Kindness pays back

It’s February, and where I live there isn’t enough sunshine to dose up the population with the vitamins we need. It isn’t easy to be kind now, with the howling winter and gray skies this time of year. Kindness is energetically more difficult to conjure up and philosophically tougher to hand over when we aren’t at our best.

Is this true for you? Do you catch yourself feeling a little short of kind feelings for others when you’re a titch miserable?

I know it’s difficult to be generous when you feel rough. But that is exactly when we need to crank up the volume on kindness. It may be politeness, making a small effort for someone or just plain being nice; but your worst day is the best day to take chance on being kind.

Month two in my personal campaign for kindness reminds me that we need kindness more than ever when our resources are low – whatever that means. Depressed? Crappy news? Hit with a life crisis like job loss, a broken heart or personal disappointment? Illness? Weakness? Seasonal affective disorder?

In his rich ode to New York and his other loves, Bill Hayes writes that kindness is repaid in unexpected ways. He reminds us that “if you are lonely or bone-tired or blue, you need only come down from your perch and step outside,” in Insomniac City (2017). He’s right. Kindness is a good investment. It is a risk with an automatic reward. Nothing else in your life is as likely as this to make you feel good about yourself.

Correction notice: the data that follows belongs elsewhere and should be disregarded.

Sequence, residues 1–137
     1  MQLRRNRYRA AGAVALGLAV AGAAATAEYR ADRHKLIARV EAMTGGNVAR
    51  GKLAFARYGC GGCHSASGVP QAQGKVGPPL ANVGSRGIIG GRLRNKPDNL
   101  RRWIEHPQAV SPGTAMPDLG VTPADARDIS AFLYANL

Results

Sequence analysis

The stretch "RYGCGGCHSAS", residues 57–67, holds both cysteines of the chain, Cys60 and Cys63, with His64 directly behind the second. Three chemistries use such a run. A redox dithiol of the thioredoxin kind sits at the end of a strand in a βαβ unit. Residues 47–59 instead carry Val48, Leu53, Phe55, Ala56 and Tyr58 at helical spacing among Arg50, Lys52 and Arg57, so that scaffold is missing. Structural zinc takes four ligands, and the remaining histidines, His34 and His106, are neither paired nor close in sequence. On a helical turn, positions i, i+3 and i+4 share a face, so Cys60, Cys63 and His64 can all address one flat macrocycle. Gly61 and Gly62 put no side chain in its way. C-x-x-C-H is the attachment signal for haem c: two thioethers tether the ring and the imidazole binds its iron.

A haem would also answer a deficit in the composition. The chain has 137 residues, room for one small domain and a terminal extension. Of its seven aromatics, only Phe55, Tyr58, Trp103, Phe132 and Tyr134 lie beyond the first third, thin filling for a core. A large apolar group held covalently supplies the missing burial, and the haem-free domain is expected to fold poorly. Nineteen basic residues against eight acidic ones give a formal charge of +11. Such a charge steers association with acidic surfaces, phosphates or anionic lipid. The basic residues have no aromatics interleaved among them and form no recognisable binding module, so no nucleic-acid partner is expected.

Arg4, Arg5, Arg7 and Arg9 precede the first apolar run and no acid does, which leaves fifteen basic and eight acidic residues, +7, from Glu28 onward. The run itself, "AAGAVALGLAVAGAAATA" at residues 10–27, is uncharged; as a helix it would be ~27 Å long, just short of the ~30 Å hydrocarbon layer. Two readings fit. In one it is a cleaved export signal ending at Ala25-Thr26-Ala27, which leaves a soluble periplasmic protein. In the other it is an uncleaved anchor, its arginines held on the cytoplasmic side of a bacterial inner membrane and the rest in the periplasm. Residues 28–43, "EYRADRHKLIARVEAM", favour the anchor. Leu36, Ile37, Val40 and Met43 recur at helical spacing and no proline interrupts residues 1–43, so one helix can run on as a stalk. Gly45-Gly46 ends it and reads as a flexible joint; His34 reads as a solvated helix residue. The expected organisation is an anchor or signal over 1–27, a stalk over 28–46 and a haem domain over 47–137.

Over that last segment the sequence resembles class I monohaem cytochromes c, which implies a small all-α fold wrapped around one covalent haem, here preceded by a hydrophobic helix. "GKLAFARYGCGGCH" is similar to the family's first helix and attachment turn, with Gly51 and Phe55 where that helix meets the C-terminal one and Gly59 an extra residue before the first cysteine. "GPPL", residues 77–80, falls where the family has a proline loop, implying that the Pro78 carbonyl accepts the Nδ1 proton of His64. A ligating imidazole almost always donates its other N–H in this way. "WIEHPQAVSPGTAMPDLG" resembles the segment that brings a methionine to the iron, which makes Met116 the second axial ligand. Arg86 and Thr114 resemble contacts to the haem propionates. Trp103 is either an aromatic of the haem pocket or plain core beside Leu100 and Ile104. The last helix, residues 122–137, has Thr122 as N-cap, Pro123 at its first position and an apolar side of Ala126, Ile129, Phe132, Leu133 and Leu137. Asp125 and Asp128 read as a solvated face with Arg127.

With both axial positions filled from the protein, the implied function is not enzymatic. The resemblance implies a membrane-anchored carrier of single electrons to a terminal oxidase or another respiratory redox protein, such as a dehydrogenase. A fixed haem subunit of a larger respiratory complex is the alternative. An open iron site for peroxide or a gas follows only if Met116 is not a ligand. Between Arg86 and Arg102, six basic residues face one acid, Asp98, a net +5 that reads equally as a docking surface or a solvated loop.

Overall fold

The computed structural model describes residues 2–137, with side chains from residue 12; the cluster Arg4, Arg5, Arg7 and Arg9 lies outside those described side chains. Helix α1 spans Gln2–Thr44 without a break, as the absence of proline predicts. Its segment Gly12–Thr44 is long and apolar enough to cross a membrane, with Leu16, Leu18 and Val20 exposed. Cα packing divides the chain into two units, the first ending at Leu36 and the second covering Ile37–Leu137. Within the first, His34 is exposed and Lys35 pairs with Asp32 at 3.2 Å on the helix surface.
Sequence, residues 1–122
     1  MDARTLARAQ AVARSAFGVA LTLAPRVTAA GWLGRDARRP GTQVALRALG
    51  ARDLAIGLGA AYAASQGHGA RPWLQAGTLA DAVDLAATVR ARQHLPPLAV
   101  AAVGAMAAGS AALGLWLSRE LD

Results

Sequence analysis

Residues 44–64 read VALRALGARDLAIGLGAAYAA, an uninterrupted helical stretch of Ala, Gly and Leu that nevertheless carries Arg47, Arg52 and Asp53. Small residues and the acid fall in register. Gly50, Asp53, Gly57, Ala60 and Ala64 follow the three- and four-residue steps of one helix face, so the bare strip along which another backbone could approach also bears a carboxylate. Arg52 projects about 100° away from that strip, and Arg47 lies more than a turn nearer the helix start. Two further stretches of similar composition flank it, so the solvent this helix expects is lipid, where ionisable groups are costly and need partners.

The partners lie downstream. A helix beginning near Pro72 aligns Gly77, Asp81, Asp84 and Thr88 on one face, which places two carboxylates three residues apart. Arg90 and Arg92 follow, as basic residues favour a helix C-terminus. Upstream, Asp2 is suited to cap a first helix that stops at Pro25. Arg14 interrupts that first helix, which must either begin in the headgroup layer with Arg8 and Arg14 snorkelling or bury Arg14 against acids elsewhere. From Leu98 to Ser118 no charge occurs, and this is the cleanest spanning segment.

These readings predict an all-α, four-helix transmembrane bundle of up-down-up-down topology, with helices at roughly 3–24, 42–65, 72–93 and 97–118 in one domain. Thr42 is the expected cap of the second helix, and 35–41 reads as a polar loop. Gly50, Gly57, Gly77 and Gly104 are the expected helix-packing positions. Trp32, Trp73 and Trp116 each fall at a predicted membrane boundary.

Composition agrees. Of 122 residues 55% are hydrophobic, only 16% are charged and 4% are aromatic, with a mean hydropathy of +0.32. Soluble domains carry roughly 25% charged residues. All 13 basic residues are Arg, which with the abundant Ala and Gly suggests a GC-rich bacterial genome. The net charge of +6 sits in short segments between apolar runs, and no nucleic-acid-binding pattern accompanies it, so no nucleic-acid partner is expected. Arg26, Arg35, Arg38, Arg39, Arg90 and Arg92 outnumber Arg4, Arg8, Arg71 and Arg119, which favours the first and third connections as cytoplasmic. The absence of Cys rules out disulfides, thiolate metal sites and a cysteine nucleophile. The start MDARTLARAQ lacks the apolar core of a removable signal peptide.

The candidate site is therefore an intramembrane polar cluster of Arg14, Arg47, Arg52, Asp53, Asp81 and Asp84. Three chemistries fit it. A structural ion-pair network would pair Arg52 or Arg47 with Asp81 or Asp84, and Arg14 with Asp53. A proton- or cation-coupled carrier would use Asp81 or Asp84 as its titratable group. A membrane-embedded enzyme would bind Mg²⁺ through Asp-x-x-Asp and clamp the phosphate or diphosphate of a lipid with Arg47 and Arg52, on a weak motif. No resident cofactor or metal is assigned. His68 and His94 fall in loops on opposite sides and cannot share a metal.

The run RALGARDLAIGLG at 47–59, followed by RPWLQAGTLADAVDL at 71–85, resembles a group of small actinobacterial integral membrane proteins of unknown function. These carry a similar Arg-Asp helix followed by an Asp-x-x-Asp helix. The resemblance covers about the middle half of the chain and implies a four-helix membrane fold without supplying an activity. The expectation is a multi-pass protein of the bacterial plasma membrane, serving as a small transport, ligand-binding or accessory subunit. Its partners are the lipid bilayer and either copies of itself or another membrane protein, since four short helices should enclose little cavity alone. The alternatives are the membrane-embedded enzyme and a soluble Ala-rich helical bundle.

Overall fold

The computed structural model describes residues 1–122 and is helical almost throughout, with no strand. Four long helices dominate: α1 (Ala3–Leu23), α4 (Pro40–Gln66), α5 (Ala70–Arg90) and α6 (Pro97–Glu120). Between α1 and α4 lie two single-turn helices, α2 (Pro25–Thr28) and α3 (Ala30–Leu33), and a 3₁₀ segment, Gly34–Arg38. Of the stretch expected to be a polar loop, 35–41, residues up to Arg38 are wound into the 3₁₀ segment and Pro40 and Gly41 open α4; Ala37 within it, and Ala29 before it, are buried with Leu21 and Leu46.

I wrote last month that I am tired of lowering my hopes for kindness around me, but that doesn’t mean I’m willing to be a relentless philanthropist with my attempts to spread some warmth to those I have contact with every day. This is what I love about kindness. It pays back, even if the recipient doesn’t, because you genuinely like yourself more for doing it. Eye contact, a “Hi,” a well-intentioned holding of the door, picking up a dropped item or foot in the door of the subway train, will get you an instant injection of self-love faster than anything else I know.

Join me in my Personal Campaign for Kindness. I’m going to do kind things even though I may be having a rough day or a rotten week. In fact, I’m going to make an effort to be kind because I may be feeling less than stellar. Whether I get a warm and fuzzy reaction from people or not, I’ll put the good feeling I get in my bank for later. Chances are that the people I do nice things for will pay back instantly with some kindness of their own. But that isn’t necessary…it’s a bonus!!

  Patti M Hall is a writer, memoir coach and ghostwriter whose memoir writing inspiration brand lives at http://www.pattimhall.com.  Online Patti creates inspirational content for aspiring memoirists, wannabe writers and folks who love putting pen to paper.  Patti's real home is in Canada where she lives with her two giant sons and house full of golden retrievers.

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